Considering matters in this light, we can see that the people of Japan are all unfilial. In a passage of the Nirvana Sutra, the Buddha taught that unfilial persons would be more numerous than the dust particles of the land.10 Thus, the sun, the moon, and the eighty-four thousand stars in heaven each grow enraged and glare down furiously at the country of Japan. This is what today’s divination masters are reporting to the ruler as frequent disturbances in the heavens. And with strange happenings on earth occurring day after day, the country is like a small boat tossed about on the great sea. This is the reason why the children of Japan have lost their vitality, and why the women are vomiting blood.11
You are the most filial person in all of Japan. Brahmā and Shakra will descend from heaven to serve you as left and right wings, and the gods of the earth in the four directions will support your feet, revering you as their father and mother. There is still much that I would like to say, but I will conclude here.
With my deep respect,
The eighth day of the third month in the third year of Kōan (1280)
Reply sent to Ueno.
This letter was written at Minobu to Nanjō Tokimitsu in response to his request that Nichiren Daishonin offer memorial prayers on the anniversary of the death of his father, Nanjō Hyōe Shichirō. Tokimitsu’s father died on the eighth day of the third month, the same date that this letter was written, in 1265. In this letter, the Daishonin explains the true meaning of filial conduct. First, by citing examples from the Chinese and Indian traditions of the 1035retribution befalling notoriously unfilial people, he suggests the great merit that accrues from acting with filial piety.
The Daishonin then considers which teaching enables one to fulfill one’s obligation to one’s parents. The doctrines of Confucianism, he says, teach how one should care for one’s parents while they are alive. But because these doctrines do not penetrate to the true eternal nature of life, they give no indication of how to benefit one’s parents after they have died. Thus, they do not teach filial piety in the deepest sense.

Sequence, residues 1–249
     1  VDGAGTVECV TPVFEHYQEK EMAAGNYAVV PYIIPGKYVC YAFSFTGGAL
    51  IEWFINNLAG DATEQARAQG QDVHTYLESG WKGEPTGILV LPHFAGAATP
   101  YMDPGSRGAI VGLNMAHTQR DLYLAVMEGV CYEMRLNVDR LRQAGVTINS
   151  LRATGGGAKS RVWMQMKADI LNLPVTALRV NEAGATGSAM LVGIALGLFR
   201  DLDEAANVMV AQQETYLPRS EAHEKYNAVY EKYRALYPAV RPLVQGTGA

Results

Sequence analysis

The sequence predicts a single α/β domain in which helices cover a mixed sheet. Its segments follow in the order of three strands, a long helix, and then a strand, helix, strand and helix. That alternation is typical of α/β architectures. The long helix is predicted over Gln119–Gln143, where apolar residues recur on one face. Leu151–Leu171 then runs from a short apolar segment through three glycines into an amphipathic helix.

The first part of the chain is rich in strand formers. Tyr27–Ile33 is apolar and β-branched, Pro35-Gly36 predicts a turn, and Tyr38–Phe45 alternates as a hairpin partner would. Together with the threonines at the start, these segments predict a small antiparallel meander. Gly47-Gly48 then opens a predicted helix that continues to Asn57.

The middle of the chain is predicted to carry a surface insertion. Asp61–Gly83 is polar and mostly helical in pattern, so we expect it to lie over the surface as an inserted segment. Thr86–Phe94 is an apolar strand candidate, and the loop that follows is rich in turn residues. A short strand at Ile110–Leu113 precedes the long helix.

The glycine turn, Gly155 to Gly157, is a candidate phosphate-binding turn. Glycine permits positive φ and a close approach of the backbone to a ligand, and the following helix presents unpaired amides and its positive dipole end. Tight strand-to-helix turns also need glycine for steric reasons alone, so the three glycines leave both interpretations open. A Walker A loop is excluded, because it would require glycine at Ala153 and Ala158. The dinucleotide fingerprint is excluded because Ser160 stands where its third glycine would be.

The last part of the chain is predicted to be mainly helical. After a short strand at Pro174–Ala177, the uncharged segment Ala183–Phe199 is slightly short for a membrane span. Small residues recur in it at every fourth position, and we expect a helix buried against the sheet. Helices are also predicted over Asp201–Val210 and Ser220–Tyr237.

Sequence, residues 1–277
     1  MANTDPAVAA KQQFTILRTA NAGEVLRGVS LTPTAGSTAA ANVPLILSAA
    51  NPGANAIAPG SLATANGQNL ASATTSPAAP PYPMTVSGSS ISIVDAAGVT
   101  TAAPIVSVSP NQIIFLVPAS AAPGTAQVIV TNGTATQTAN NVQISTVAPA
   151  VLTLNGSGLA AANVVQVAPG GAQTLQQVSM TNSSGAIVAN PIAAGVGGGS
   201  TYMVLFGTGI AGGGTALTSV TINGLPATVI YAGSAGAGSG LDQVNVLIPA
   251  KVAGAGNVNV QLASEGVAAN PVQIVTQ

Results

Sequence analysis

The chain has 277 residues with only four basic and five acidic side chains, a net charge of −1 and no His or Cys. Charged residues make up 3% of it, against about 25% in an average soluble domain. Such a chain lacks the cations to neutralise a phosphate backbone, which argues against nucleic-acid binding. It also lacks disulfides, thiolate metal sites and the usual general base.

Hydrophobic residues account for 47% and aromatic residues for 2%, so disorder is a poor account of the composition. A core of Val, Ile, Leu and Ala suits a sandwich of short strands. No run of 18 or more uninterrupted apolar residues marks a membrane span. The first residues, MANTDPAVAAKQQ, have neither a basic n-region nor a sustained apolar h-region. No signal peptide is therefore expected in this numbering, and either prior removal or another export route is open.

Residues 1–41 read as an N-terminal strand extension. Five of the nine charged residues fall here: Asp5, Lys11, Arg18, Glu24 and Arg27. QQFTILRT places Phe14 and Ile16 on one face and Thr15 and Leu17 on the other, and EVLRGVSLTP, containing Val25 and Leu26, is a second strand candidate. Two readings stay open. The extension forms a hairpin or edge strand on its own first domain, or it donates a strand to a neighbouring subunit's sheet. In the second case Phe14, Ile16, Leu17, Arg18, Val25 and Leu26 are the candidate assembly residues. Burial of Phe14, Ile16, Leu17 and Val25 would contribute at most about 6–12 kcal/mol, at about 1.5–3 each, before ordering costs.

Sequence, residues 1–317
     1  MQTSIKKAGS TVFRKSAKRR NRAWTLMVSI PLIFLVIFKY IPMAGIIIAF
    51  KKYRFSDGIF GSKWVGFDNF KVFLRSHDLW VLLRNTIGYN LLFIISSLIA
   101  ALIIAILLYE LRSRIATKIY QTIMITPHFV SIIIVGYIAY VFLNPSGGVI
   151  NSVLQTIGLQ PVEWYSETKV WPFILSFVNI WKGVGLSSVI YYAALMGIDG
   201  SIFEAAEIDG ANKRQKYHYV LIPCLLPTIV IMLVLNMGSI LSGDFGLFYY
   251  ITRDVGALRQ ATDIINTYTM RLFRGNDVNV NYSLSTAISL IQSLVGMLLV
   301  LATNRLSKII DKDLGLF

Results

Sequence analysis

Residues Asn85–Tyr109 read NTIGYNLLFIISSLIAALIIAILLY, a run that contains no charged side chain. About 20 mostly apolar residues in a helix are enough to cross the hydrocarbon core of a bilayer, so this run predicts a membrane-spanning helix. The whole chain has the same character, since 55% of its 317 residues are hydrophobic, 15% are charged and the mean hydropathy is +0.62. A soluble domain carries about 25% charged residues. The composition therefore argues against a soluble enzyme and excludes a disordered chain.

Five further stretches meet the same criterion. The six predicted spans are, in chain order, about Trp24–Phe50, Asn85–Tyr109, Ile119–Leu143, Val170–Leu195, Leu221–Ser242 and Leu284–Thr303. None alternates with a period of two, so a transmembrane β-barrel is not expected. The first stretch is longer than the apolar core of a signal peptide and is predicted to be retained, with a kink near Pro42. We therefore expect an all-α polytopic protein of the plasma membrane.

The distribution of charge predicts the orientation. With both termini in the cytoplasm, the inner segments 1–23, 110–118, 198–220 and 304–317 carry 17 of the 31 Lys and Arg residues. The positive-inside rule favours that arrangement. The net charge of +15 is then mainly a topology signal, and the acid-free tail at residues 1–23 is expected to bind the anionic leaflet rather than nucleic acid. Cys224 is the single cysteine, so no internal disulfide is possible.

Next, even the Buddhist teachings of Hinayana and provisional Mahayana do not fully reveal the ultimate truth. The Daishonin says that they cannot enable one’s deceased parents to attain Buddhahood, and concludes that only through faith in the Lotus Sutra, which leads all people equally to Buddhahood, can one enable one’s deceased parents to attain Buddhahood and so fully repay one’s filial obligations to them.
1. A figure in Chinese legend.
2. Another figure in Chinese legend.
3. Here, those of Confucianism and Taoism.
4. According to the Service for the Deceased Sutra, Maudgalyāyana perceived with his divine eyesight that his deceased mother was suffering in the realm of hungry spirits. He tried to send her food by means of his transcendental powers, but it turned into flames and burned her. Accordingly, he sought the advice of Shakyamuni, who urged him to make offerings to the monks for her sake on the fifteenth day of the seventh month. Maudgalyāyana made offerings of food to the Buddhist Order as instructed, and his mother was relieved of her agony.
5. This refers to the highest of the four stages that the voice-hearers of Hinayana Buddhism aim to attain. In ascending order, they are the stages of the stream-winner, the once-returner, the non-returner, and the arhat.
6. Lady Māyā was the wife of King Shuddhodana and mother of Shakyamuni. The source alluding to her having attained the stage of arhat when Shakyamuni was thirty-eight years old is uncertain. According to the Māyā Sutra, Shakyamuni used his mystic powers to ascend to the heaven of the thirty-three gods where he expounded his teachings to his mother Māyā, who had been reborn there.
7. This statement reflects the viewpoint, set forth in the provisional Mahayana teachings, that people of the two vehicles can never attain Buddhahood.
8. Lotus Sutra, chap. 2. “A lesser vehicle” here refers to the provisional teachings.
9. Ibid., chap. 7.
10. The Daishonin probably refers to a passage in the Nirvana Sutra that likens those who believe in the correct teaching to the specks of dirt that can be placed on a fingernail, and those who practice erroneous teachings, to the dust particles of the land.
11. Probably a reference to epidemics.